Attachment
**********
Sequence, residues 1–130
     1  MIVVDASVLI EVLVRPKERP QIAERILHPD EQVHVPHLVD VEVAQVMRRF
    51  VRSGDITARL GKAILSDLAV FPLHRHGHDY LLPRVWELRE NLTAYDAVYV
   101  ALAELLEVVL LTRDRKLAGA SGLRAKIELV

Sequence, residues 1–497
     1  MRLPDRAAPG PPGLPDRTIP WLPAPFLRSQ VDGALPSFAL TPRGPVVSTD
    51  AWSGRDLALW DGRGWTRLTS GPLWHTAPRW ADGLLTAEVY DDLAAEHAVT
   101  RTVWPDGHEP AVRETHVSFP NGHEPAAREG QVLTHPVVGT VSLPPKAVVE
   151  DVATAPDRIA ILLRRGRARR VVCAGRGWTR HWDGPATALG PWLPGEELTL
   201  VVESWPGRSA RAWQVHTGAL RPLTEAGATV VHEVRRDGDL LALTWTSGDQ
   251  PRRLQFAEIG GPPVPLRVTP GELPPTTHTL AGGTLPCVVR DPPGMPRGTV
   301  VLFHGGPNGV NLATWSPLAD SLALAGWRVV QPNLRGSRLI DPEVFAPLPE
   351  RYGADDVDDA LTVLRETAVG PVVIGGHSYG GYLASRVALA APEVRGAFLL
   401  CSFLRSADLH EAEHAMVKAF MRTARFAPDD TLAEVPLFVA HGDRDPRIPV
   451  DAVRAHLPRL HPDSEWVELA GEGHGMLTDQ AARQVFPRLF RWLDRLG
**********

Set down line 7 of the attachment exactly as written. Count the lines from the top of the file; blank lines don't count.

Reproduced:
    51  AWSGRDLALW DGRGWTRLTS GPLWHTAPRW ADGLLTAEVY DDLAAEHAVT